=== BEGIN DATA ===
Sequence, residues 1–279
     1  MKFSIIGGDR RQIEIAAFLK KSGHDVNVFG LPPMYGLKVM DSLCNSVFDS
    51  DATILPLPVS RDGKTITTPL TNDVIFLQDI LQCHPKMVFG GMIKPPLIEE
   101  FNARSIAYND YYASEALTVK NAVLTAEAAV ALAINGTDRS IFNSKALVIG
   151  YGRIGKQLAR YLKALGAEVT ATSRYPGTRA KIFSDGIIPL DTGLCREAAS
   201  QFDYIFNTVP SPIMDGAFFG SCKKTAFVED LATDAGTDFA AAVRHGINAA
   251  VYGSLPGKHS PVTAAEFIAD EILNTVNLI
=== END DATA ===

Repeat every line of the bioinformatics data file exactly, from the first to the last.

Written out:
Sequence, residues 1–279
     1  MKFSIIGGDR RQIEIAAFLK KSGHDVNVFG LPPMYGLKVM DSLCNSVFDS
    51  DATILPLPVS RDGKTITTPL TNDVIFLQDI LQCHPKMVFG GMIKPPLIEE
   101  FNARSIAYND YYASEALTVK NAVLTAEAAV ALAINGTDRS IFNSKALVIG
   151  YGRIGKQLAR YLKALGAEVT ATSRYPGTRA KIFSDGIIPL DTGLCREAAS
   201  QFDYIFNTVP SPIMDGAFFG SCKKTAFVED LATDAGTDFA AAVRHGINAA
   251  VYGSLPGKHS PVTAAEFIAD EILNTVNLI